UK new-car market approaches pre-pandemic levels in February

09 March 2023


Confidence is growing in the UK new-car market as February marked the seventh consecutive month of year-on-year growth, explains senior data journalist Neil King.

The Society of Motor Manufacturers and Traders (SMMT) reports that new-car registrations in the UK increased 26.2% year on year last month, to 74,441 units. This exceeded Autovista24’s expectations and represents the strongest growth rate since October 2022.

The seasonally-adjusted annualised rate (SAAR) surged to 2.35 million units ‘as easing supply chain shortages steered the market closer to pre-pandemic levels, down just 6.5% on the same month in 2020,’ the association noted.

‘After seven months of growth, it is no surprise that the UK automotive sector is facing the future with growing confidence. It is vital, however, that government takes every opportunity to back the market, which plays a significant role in Britain’s economy and net-zero ambition. As we move into “new plate month” in March, with more of the latest high-tech cars available, the upcoming budget must deliver measures that drive this transition, increasing affordability and ease of charging for all,’ commented SMMT chief executive Mike Hawes.

Lower de-fleeting ahead

The cost-of-living crisis shows no sign of abating in the short term. Although the consumer prices index (CPI) receded slightly to 10.1% in the 12 months to January, inflation remains a persistent issue in the UK. Furthermore, the Bank of England increased interest rates by a further 0.5% to 4% on 1 February, only weeks after hiking them by 0.5% on 14 December. The financial institution foresees the bank rate rising to around 4.5% in mid-2023 and falling back to just over 3.25% in three years’ time.

Alongside this, while supply bottlenecks continue to ease, the semiconductor shortage is unlikely to disappear in 2023. Additionally, COVID-19 lockdowns decimated the UK new-car market between March and June 2020, which will significantly reduce the volume of cars de-fleeting after three years in the coming months.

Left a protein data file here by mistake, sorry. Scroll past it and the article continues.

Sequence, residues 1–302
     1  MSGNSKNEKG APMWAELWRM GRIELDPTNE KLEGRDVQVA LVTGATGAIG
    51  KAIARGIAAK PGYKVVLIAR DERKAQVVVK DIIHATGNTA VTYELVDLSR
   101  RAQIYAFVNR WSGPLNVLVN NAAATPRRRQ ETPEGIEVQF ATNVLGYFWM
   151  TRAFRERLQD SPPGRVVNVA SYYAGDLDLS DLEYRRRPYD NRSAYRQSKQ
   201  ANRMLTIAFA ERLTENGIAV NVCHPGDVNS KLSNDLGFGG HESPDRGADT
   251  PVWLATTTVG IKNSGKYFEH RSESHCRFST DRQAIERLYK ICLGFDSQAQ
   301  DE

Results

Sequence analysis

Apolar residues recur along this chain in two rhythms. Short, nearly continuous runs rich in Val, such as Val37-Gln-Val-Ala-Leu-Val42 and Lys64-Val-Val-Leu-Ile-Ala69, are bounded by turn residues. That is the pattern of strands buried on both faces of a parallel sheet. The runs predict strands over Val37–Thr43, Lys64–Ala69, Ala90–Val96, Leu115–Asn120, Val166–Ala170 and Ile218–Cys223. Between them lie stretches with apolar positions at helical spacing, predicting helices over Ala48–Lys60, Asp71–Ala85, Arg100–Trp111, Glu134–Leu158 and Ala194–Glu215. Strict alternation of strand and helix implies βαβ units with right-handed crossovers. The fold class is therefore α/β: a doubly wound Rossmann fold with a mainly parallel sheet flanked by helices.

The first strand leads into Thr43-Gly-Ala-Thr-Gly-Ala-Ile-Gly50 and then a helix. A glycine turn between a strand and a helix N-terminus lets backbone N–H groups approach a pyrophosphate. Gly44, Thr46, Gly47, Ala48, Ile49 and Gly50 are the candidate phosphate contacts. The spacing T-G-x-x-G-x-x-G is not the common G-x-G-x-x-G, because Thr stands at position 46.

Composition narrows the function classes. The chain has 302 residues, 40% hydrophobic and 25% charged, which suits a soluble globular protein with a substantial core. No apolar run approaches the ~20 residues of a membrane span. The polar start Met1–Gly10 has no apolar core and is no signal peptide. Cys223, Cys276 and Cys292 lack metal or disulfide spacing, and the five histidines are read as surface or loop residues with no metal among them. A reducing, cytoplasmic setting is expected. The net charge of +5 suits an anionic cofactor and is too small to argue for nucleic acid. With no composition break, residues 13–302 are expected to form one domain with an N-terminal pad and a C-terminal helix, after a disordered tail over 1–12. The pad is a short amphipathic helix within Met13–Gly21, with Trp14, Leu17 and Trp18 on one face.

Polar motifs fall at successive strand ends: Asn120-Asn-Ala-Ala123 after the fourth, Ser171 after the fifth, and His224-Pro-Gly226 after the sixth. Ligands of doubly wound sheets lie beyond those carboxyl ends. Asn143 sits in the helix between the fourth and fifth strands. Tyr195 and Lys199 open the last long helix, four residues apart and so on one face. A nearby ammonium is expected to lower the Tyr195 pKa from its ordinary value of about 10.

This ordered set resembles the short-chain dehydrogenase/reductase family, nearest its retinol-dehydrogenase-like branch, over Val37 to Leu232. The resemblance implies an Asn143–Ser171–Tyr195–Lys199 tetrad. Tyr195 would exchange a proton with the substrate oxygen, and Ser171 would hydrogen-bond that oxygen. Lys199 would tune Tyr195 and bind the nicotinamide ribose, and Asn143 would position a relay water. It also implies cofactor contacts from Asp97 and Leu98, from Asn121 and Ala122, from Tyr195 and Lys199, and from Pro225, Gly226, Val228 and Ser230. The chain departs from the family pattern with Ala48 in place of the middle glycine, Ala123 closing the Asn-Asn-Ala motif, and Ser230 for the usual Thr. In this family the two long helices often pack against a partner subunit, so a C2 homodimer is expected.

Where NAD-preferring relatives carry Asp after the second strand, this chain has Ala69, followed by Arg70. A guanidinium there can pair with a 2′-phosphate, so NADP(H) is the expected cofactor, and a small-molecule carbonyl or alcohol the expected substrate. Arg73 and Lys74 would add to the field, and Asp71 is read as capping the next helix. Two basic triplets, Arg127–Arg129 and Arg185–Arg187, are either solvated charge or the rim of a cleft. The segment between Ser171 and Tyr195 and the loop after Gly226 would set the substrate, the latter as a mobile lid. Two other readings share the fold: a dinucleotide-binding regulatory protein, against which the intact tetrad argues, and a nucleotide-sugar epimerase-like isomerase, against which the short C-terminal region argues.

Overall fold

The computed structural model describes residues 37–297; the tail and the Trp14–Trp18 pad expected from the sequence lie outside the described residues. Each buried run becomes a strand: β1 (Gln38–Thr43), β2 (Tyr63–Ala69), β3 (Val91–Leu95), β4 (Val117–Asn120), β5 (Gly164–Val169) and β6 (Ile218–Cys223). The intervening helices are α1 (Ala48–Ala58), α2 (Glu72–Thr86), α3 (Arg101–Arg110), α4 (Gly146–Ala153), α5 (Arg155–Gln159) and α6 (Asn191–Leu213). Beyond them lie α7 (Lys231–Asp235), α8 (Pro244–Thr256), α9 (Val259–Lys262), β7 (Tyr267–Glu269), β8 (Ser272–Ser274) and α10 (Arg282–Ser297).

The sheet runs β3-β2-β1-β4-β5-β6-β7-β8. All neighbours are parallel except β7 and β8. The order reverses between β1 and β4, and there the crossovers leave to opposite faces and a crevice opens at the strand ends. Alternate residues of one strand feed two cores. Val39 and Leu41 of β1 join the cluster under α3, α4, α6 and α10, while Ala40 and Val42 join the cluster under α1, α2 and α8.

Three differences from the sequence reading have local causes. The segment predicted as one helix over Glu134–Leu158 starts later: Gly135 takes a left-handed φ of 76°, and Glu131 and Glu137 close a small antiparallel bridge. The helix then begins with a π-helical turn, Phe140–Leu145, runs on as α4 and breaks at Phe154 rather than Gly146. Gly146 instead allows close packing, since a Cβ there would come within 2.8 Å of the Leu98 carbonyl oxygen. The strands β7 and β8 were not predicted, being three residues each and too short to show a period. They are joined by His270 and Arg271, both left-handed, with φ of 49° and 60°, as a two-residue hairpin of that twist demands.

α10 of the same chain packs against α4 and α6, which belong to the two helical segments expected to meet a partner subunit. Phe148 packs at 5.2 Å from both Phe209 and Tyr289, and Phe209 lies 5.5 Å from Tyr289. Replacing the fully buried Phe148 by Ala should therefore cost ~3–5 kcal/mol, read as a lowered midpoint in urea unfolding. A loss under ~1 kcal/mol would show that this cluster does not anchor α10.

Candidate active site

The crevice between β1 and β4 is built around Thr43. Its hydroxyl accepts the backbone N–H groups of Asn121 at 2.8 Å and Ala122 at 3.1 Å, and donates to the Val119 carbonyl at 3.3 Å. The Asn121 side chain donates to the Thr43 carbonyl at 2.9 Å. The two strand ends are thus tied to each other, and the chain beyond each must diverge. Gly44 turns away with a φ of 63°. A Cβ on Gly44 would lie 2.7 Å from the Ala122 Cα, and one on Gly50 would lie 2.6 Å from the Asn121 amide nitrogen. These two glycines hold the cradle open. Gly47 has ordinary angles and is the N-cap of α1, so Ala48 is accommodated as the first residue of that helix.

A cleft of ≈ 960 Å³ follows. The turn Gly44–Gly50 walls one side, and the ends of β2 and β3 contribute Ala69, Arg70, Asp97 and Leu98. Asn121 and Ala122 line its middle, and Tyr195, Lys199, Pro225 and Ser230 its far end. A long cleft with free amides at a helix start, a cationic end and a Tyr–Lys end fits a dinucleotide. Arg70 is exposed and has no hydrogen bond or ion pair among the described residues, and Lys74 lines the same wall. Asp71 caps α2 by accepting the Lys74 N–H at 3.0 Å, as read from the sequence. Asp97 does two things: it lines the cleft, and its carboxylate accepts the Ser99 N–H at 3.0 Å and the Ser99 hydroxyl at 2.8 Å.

Nevertheless, the strength of the market in recent months, buoyed by supply improvements, means Autovista24 has increased its 2023 forecast by 62,000 units to 1.88 million. This equates to 16.3% year-on-year growth but a contraction of 18.8% compared to pre-pandemic 2019.

The downside of recovering supply is that new-car registrations will be less bolstered by fulfilling a backlog of orders. New-car demand will also continue to suffer from weak consumer confidence, high interest rates and inflation. Accordingly, Autovista24 has also reduced its growth-rate forecast for 2024 to 2.3%, down from 4.8% last month.

Every sixth car is a BEV

The SMMT highlighted that ‘hybrid-electric vehicles (HEVs) recorded the most significant growth of all fuel types, up 40%, followed by petrol [including mild hybrids], up 35.8% with a 56.9% market share, while diesel registrations [including mild hybrids] fell by 7%.’

Meanwhile, registrations of new battery-electric vehicles (BEVs) increased 18.2% year on year and gained a market share of 16.5%, accounting for every sixth car registered new in the UK last month.

Plug-in hybrids (PHEVs) only gained 1%, with their share falling to 6.3%, replicating the downward trend across Europe. Nevertheless, the gap in share between PHEVs and diesel cars (including mild-hybrid diesels) has narrowed to just one percentage point.

Source: SMMT

‘Combined, plug-ins accounted for almost a quarter (22.8%) of all deliveries in the month, with further growth anticipated. Indeed, nearly half a million (488,000) PHEVs and BEVs are expected to join Britain’s roads in 2023, as manufacturers bring more than 40 new plug-in electric models to the market,’ the association noted.

‘As the new UK car market looks towards a year of double-digit growth, the Spring budget is an important opportunity to shape Britain’s net-zero progress and deliver an equitable transition for all. This should include a long-term plan for charge-point investment, aligning VAT on public charging with domestic energy use, and reviewing the vehicle excise duty premium that will unfairly penalise EV buyers switching to this inevitably more expensive technology in the future,’ the SMMT concluded.